City of Durham, United States
City of Durham
8/2018 - 6/30/20 (PB Durham Cycle 1 is a continuation)
All the territory
To create a democratic process which engages residents on how to spend a portion of the city’s budget.
The implementation of PB Durham Cycle 1 which included over 500 project proposals and over 10,000 resident voting in the first ever PB process.
Projects were evaluated and scored based upon equity, impact and feasibility. Residents that were involved in the process were diverse.
To truly understand Participatory Budgeting (PB) Durham, it is important to know a little about Durham and its history. The city of Durham has approximately 275,000 residents. The racial composition of the city is 43% white, 41% black, 14% Hispanic, etc. In U.S history, African Americans, Native Americans, and other minority groups experience many injustices that adversely impacted these communities. Because Durham has always had prominent African-American culture, it is fitting to speak about blacks and their history. Many Africans were brought to the U.S against their will to provide free labor, which ultimately resulted in slavery. The enslavement of African Americans led to the bloodiest war, Civil War, which was a fight against the north versus south. Ultimately the north prevailed, which led to the emancipation of slaves; however, many African-Americans did not experience true freedom during the Reconstruction period especially in the southern states. In the southern region of the United States, Jim Crow laws were state and local laws that hindered the progress of African Americans during this time, which resulted in racial segregation and many injustices. All were enacted in the late 19th and early 20th centuries by white Democratic-dominated state legislatures to disenfranchise and remove tireless political and economic gains made by African-Americans during this period. In addition, during this period many blacks witnessed intimidation and many were killed.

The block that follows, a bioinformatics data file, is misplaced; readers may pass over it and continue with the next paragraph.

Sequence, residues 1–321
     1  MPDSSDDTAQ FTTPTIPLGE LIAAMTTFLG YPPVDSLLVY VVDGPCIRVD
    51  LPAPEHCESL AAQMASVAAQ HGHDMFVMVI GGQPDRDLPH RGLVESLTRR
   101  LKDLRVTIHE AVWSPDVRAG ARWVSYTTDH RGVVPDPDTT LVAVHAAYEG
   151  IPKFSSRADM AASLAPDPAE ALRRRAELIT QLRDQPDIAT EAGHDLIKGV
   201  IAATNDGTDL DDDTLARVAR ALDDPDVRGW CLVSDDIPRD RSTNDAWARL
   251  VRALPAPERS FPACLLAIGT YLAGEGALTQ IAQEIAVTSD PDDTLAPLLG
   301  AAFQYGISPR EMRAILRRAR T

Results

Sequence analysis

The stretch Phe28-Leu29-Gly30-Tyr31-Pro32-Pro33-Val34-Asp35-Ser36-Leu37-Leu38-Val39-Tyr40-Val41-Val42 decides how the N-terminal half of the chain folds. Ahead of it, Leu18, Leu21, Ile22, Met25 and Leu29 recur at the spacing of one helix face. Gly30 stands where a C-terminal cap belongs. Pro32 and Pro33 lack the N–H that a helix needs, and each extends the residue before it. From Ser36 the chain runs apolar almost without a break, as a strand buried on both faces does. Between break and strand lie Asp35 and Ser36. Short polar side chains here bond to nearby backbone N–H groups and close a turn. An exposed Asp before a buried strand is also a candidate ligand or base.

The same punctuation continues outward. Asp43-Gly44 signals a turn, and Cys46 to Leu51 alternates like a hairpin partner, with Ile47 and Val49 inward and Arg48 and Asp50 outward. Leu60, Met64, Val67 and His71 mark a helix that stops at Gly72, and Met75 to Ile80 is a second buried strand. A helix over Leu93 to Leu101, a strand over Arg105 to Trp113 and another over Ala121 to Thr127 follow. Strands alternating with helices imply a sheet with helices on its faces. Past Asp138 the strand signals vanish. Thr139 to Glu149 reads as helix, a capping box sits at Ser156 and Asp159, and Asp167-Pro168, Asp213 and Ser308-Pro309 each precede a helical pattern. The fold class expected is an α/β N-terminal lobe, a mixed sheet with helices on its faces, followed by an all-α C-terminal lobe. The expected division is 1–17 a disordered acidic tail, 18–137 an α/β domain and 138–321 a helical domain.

During this period in Durham, there was a beacon of hope, where African-American communities were thriving in many aspects of day to day life. According to the North Carolina Office of Archives and History, Parrish Street in Durham was the hub of African American business activity. Moreover, the four-block district was known as “Black Wall Street,” a reference to the district of New York City that is home to the New York Stock Exchange, which is a worldwide known financial hub. Parrish Street bordered the Hayti community, Durham’s main African American residential district, and the two districts together served as the center of black life in Durham. In 1906, the North Carolina Mutual Life Insurance Company, the nation’s largest black-owned insurance company, moved its headquarters to Parrish Street. It was later joined by the Mechanics and Farmers Bank, and the founder of North Carolina Mutual also invested in real estate and textiles. National prominent black leaders W. E. B. DuBois and Booker T. Washington both visited the city, in 1910 and 1912, respectively, and praised black entrepreneurship and the tolerance of whites. In the 1960s, urban renewal wiped out much of Hayti and Durham’s black business community, but by that time, Parrish Street’s heyday had passed.
Even though Durham experienced some successes, the systemic injustices and inequalities adversely impacted the successes that were made during a time of progress. Due to Durham's resiliency, residents continued to fight for equality and this was apparent during the Civil Rights movement of the 1950s and 1960s. African-Americans, whites, and others fought for equal rights for African-Americans and key federal legislation was passed in an attempt to right the wrongs of the past. In modern day, Durham is a vibrant and progressive city that continues to strive to become a more inclusive city not just for African-Americans but for the city's growing Hispanic/Latinx community, LGBTQ community, and others. Durham recognizes that there are still some inequities for certain underserved residents, groups and communities. More importantly, Durham is at the forefront of addressing these inequities that are impacting the most vulnerable communitiesIn an effort to address these inequities and attempt to right these wrongs, the PB Steering Committee put forth these goals in which PB Durham was to address: